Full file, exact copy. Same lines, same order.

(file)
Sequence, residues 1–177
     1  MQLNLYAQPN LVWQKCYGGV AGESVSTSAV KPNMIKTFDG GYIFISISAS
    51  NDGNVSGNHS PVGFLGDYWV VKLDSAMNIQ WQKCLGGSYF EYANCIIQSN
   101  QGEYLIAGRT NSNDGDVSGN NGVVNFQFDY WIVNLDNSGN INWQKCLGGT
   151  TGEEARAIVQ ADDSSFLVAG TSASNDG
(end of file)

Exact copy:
Sequence, residues 1–177
     1  MQLNLYAQPN LVWQKCYGGV AGESVSTSAV KPNMIKTFDG GYIFISISAS
    51  NDGNVSGNHS PVGFLGDYWV VKLDSAMNIQ WQKCLGGSYF EYANCIIQSN
   101  QGEYLIAGRT NSNDGDVSGN NGVVNFQFDY WIVNLDNSGN INWQKCLGGT
   151  TGEEARAIVQ ADDSSFLVAG TSASNDG